Cecropia moth (Hyalophora cecropia)

My old friend and former decompositionalist compatriot, Penny Perkins, posted a gorgeous picture of a moth on Facebook today, which she misidentified as an “Endangered Emperor Moth.”

I recognized her mistake right away. The moth was, in fact, a Luna moth (Actias luna) and not Saturnia pavonia.

I noted this on her post in the comments section and also the fact that neither moth is endangered. She thanked me and then asked if, perchance, I had any poems about moths. I did or do.

(At least, I thought it was about moths. I’m never sure anymore what I was writing about when I wrote a poem!)

Here is my poem “Summer Love”:

The female cecropia moth,

Hyalophora cecropia, emerges

As in a stop-action film: swollen

Abdomen shrinking while wings

Rise, fill, and form.  Pheromones

Kick in, attracting a male from miles away.

They couple quickly—how easy love can be.

Linked like this, at terminus,

They are most vulnerable to predators.

They will stay this way, available

To each other, for hours—

Then vanish as memory fades.


–Scott Edward Anderson

Raven Mandala II by Nathalie Parenteau

I lived in Alaska sixteen years ago, when my oldest son Jasper was born.

During his first month he had trouble sleeping, as babies often do, and most nights found me walking with him in my arms trying to get him back to sleep.

While walking I would softly sing to him and recite poems and, occasionally, I would whisper a poem I was working on at the time.

One of these poems was “An ‘Unkindness’ of Ravens,” which was filled with direct observations of ravens — an almost constant presence in town and, along with polar bears, a kind of totem in my life since I first saw them as a boy in Maine.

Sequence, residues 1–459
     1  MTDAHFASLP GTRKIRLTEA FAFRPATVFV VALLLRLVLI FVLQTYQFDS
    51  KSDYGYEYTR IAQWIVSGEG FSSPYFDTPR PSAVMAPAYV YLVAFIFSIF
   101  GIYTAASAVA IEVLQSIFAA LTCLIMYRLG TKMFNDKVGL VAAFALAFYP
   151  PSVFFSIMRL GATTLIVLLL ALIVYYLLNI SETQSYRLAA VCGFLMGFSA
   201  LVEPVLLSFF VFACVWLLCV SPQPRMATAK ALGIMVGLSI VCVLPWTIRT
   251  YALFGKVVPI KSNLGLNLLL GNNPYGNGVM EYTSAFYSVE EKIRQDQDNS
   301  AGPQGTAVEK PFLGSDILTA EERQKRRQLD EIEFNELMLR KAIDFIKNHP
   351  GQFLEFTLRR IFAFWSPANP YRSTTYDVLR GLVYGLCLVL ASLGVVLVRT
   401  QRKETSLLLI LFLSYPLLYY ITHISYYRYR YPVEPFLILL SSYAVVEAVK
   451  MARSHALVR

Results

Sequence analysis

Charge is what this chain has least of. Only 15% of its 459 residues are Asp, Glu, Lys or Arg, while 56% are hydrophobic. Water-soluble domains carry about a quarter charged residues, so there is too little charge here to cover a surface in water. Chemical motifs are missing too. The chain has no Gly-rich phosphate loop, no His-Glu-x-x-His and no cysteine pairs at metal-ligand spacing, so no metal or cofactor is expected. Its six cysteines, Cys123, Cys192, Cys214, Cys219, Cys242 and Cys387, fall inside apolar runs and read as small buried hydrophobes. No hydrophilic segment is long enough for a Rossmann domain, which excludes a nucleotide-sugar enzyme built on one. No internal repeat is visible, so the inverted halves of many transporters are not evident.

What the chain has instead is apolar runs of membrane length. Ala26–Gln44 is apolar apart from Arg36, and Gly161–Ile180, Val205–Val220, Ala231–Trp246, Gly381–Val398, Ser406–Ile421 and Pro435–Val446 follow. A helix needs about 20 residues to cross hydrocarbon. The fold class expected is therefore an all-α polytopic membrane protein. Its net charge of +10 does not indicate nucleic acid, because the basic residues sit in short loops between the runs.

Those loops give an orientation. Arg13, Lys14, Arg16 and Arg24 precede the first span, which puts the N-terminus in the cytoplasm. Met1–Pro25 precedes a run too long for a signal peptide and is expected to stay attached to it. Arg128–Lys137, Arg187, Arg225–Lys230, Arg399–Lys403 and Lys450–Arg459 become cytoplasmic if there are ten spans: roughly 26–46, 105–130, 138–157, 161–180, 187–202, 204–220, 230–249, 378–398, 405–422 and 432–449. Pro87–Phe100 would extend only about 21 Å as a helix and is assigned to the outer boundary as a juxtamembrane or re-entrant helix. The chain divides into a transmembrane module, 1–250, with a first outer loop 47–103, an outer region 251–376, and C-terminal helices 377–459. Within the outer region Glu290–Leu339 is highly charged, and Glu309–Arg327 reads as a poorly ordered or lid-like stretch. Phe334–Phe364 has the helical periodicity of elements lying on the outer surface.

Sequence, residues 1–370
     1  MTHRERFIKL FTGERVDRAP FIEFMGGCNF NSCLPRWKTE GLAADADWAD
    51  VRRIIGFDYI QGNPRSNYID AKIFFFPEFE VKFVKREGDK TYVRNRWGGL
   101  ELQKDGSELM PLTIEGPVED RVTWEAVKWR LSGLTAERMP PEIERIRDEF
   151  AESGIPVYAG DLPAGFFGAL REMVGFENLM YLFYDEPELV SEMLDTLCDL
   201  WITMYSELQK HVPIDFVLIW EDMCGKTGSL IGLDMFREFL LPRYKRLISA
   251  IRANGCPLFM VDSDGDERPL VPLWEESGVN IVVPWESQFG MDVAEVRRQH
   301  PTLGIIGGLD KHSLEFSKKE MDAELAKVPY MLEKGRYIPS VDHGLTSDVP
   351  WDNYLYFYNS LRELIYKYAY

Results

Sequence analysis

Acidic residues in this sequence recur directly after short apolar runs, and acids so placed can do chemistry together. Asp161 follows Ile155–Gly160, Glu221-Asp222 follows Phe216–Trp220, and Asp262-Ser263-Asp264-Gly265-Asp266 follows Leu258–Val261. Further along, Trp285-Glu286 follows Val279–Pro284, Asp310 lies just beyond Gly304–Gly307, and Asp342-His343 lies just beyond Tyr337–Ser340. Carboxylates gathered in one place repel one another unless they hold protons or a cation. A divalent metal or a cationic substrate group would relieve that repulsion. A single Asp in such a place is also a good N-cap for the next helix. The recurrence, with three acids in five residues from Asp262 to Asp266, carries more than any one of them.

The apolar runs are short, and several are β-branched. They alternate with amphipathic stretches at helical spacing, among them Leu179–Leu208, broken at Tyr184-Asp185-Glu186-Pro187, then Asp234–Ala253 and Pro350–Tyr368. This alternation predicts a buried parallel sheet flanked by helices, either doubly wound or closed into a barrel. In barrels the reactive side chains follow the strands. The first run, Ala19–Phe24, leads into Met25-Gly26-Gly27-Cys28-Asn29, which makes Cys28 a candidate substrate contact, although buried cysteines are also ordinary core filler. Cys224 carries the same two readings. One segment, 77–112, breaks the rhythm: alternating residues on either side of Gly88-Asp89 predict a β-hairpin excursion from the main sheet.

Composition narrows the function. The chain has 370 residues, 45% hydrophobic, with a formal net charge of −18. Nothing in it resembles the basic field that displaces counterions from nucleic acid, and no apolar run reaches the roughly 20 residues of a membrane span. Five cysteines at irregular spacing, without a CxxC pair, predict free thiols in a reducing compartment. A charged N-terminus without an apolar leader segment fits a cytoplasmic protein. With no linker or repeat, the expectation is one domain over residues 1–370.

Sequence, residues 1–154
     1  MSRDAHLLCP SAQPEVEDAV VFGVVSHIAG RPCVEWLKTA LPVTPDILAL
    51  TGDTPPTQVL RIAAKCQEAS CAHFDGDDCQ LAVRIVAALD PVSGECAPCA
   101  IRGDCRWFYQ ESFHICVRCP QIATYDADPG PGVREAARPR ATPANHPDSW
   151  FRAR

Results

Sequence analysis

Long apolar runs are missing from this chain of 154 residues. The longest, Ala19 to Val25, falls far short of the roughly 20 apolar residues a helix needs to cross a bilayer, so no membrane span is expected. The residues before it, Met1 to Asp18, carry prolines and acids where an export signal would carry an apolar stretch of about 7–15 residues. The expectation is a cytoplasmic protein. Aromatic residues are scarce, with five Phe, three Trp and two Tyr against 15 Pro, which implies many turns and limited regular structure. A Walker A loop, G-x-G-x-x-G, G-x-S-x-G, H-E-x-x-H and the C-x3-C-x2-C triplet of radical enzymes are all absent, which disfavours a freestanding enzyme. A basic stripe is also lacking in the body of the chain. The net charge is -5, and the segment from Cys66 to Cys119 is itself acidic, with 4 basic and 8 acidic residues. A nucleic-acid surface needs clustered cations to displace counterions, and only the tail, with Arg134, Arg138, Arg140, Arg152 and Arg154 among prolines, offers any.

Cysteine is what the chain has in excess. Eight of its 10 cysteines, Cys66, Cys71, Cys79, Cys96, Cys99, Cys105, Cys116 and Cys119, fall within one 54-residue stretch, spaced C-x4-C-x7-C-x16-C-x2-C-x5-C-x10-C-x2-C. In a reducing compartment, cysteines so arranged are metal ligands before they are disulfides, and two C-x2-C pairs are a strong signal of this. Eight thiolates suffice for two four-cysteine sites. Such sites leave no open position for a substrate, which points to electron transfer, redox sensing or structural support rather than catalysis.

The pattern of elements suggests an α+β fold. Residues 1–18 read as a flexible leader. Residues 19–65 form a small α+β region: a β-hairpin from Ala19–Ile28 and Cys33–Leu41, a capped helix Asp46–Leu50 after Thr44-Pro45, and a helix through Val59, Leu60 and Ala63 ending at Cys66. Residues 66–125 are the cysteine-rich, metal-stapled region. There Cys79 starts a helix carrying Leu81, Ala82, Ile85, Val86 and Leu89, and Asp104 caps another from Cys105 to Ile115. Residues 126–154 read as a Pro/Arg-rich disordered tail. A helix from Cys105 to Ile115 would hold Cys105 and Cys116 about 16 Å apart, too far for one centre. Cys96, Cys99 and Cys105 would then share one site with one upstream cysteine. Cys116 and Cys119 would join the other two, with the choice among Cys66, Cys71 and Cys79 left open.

The poem started forming one night when, after putting my son back in his crib, I couldn’t get back to sleep.

Looking out the window, I noticed ravens gathering in the tall trees behind the house. I was intrigued as their numbers grew and the poem began to unfold in my mind.

Many of the images in the poem came from ravens I observed out my office window in the old Alaska Railroad Depot building by Ship Creek below downtown Anchorage.

I always liked this poem, perhaps because of its association with the birth of my first child and what it said about the strangeness and newness of my life at the time: a new father and new to Alaska; both uncharted territories.

As with many things, my perseverance paid off and, fourteen years after it was written, the poem found a home in a journal called Abyss & Apex.

Here is my poem, “An ‘Unkindness’ of Ravens”:


To fall asleep at night, I count ravens

from my bedroom window.

They gather in the spruce trees

at the edge of the woods,

as snow gathers dusk on its surface.

By midnight, thirty or forty

have gathered there in the oily dark.


As a group, they are called “an unkindness,”

but they are polite

and helpful to each other,

share their successes and failures

pursue joy and embrace their strength

in numbers, which is more than we can say.


Plummeting downhill, they launch into air,

as if snowboarding; flipping and spinning

— hell-bent teenagers on a half-pipe.

In more sober moments, they tell each other

where to look for food, when danger is near,

and where the good garbage is.  They discuss

variable wind speeds or compare moose meat

found in the woods with that of roadside kills.


They can be graceful on the wing — Naiads

of the air — or clumsy and indelicate,

half-eaten bagels dangling from black beaks.

Dusk comes later and later these evenings,

and morning arrives sooner, winter almost over.

Come Easter, the ravens will be gone.

Ravens prefer dead things remain dead.


–Scott Edward Anderson